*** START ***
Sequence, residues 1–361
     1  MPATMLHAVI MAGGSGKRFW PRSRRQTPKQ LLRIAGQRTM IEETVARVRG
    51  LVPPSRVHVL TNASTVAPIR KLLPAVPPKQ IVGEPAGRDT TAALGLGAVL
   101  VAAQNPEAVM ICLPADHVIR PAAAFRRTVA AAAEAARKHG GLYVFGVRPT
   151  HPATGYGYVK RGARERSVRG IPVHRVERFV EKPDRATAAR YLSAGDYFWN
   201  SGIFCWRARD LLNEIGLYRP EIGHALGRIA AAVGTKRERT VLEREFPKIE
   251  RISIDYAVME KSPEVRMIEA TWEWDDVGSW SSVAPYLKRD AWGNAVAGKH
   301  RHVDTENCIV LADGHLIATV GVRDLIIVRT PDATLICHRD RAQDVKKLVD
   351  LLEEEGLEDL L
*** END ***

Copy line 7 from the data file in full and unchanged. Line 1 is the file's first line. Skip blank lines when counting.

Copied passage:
   251  RISIDYAVME KSPEVRMIEA TWEWDDVGSW SSVAPYLKRD AWGNAVAGKH